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Houston Murders Fell Through August, But Rose After Harvey

Mayor Sylvester Turner says post-traumatic stress tied to the storm may be to blame for a 15 percent increase in homicides during the last four months of 2017

Houston's murder rate dropped off sharply through August of last year, only to rise again after Harvey.

Mayor Sylvester Turner has ordered police and other city departments to get more information on why.

The city saw 269 murders over the whole of 2017. That is down about 11 percent compared to the last two years.

Turner credited the Houston Police Department for the decline, saying officers had improved their responsiveness despite a lack of resources.

However, the mayor also said the decline was only a "modified" success.

"From September through December 2017, there were 104 murders in the city compared to 91 during the same period in 2016, representing a nearly 15 percent increase," Turner commented.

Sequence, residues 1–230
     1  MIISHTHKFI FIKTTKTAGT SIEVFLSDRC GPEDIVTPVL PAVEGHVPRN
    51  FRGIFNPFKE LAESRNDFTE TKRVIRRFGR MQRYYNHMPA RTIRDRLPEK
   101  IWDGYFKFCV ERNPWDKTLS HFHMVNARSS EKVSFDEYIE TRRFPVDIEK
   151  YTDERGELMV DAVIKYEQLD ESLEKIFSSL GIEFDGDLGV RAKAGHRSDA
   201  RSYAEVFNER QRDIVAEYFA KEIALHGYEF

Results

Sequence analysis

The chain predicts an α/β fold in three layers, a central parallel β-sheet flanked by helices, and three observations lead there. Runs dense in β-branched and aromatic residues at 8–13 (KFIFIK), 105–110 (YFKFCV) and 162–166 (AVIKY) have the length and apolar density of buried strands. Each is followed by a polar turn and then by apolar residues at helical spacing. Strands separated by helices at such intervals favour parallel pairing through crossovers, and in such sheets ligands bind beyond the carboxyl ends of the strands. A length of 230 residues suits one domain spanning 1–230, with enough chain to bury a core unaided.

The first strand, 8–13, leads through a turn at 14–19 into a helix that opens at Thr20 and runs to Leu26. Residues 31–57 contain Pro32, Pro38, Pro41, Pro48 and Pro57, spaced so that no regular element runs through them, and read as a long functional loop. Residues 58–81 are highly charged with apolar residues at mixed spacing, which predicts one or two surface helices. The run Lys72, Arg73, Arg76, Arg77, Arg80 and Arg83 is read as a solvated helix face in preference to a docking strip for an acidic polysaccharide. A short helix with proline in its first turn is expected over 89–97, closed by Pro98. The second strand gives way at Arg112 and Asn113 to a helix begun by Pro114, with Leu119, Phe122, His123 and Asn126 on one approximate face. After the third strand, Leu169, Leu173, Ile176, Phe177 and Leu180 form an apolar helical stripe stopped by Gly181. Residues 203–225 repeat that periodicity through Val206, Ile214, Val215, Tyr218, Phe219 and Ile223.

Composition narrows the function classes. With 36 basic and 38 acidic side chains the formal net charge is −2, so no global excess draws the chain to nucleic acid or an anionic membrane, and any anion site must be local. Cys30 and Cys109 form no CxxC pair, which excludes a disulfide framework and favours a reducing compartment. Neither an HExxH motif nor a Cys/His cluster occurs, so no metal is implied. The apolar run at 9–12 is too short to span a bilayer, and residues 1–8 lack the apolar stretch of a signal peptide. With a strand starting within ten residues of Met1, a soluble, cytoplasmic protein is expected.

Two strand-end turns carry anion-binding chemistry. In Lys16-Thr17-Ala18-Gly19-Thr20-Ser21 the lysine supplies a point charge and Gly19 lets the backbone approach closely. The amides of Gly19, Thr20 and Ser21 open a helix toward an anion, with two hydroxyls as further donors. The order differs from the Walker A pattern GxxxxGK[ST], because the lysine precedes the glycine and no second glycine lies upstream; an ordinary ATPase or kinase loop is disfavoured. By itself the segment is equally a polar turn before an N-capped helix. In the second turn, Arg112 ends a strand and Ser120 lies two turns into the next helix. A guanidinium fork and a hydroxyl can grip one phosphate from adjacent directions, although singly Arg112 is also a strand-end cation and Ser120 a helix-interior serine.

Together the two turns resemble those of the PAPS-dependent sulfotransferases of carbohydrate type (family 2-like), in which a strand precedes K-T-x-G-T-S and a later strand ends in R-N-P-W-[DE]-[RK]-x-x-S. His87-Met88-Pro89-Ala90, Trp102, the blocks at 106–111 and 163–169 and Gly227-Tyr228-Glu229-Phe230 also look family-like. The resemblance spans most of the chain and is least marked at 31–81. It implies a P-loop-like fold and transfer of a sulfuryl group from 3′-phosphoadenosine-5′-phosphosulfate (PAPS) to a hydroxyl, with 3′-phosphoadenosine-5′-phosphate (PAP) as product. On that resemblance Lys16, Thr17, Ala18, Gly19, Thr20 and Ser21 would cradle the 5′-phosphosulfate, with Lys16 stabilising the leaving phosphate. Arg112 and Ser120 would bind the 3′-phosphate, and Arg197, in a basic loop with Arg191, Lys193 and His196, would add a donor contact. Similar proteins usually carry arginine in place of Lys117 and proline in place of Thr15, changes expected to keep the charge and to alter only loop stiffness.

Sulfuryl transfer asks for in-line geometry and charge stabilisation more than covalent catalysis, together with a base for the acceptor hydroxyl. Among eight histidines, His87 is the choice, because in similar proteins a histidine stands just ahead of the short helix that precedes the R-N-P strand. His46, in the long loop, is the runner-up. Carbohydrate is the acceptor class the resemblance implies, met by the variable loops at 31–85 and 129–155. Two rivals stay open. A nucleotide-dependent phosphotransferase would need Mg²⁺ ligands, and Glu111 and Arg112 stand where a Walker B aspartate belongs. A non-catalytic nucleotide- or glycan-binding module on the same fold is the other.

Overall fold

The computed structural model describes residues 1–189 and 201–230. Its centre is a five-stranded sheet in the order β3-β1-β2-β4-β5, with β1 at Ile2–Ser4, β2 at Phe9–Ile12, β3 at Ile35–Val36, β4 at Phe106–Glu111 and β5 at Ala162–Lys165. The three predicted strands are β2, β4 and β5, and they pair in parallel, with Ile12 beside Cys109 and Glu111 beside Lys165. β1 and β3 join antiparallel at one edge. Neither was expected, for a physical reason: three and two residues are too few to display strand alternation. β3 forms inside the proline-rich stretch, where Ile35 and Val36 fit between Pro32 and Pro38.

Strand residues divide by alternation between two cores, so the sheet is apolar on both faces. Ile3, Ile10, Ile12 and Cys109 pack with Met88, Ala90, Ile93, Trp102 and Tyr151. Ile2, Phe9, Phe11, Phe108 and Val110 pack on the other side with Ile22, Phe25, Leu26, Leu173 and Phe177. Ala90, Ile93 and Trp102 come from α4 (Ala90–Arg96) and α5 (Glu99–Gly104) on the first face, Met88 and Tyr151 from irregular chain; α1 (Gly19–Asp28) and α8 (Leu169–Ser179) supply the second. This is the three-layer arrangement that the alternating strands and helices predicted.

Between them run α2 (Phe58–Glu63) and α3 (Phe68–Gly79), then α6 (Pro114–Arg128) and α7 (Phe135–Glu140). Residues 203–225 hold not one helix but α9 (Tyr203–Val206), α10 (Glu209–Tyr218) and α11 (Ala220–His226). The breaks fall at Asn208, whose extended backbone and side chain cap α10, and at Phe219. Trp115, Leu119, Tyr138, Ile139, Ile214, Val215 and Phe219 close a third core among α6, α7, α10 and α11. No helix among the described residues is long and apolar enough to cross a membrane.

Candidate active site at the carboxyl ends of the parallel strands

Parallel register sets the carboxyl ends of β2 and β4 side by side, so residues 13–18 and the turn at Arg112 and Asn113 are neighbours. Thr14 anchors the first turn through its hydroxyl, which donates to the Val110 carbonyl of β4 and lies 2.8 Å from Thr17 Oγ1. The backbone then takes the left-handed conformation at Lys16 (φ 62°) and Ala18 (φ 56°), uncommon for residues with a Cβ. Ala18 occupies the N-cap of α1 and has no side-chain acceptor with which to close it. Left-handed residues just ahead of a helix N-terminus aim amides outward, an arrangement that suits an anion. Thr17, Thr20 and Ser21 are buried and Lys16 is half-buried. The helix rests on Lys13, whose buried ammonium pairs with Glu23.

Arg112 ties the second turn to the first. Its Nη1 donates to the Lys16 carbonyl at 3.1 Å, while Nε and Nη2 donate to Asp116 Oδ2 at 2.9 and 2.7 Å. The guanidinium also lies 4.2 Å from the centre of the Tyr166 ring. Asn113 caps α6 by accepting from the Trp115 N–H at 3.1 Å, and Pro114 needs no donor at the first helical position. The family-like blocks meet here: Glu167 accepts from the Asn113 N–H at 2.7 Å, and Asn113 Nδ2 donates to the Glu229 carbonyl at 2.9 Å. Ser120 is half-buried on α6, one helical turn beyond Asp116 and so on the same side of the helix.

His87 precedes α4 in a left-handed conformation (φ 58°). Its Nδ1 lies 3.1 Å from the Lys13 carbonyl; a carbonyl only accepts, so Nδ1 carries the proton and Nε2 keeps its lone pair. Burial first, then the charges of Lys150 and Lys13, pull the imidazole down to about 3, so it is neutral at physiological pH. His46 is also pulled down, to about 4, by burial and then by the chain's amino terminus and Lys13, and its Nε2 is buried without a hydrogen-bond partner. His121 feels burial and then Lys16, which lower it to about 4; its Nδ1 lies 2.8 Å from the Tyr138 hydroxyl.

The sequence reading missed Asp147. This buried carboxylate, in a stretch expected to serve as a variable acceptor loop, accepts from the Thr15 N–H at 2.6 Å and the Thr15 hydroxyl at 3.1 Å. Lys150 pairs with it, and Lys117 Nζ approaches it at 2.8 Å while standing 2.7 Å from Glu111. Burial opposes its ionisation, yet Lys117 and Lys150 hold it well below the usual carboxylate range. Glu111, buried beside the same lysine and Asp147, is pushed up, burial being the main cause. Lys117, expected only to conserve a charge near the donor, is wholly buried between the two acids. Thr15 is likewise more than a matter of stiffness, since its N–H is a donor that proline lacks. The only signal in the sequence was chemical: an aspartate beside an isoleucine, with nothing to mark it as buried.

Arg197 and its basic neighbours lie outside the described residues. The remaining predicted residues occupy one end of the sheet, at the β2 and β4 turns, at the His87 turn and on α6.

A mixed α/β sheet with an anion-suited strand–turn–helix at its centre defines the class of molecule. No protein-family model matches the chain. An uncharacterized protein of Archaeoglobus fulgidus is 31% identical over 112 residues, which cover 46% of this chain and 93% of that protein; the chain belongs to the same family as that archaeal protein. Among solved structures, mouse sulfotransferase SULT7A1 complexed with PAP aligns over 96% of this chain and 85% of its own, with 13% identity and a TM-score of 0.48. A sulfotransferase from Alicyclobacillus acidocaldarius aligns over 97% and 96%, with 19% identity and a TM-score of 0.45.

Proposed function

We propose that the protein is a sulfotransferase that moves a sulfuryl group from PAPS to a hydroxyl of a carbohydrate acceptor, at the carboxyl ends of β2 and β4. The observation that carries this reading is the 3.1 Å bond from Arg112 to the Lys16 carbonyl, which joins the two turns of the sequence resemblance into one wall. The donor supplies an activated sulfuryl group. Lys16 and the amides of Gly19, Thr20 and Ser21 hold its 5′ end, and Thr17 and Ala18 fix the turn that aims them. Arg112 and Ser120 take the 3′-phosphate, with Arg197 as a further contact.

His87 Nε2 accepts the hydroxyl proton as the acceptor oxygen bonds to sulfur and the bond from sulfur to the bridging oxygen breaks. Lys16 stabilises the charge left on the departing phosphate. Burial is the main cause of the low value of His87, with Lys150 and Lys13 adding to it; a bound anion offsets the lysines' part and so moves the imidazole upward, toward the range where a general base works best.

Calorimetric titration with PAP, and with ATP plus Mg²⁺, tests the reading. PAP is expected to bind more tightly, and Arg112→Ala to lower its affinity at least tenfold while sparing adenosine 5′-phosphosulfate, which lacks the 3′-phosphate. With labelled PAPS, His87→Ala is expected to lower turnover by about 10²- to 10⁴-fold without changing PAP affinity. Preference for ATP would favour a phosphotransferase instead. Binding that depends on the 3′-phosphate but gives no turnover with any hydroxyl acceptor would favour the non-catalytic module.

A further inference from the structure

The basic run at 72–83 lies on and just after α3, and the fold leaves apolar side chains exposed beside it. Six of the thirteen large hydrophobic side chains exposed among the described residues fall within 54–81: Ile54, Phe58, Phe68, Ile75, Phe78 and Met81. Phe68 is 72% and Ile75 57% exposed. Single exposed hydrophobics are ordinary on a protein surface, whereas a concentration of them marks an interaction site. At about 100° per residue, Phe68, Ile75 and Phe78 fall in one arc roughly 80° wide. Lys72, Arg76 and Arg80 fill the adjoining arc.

The mayor said that some of the increase may stem from post-traumatic stress disorders tied to Harvey.

Turner noted that first responders are often "first mental health responders" as well, "and therefore I've tasked my staff with pulling together all pertinent data, which can document this additional challenge to our already taxed services."

"The departments working on this include police, fire, as well as health. We're also reaching out to Harris County Health, mental health, and the sheriff's department," the mayor detailed.

Turner said that, based on the data, the City will request additional state and federal funding to deal with post-traumatic stress from Harvey and from future storms like it.


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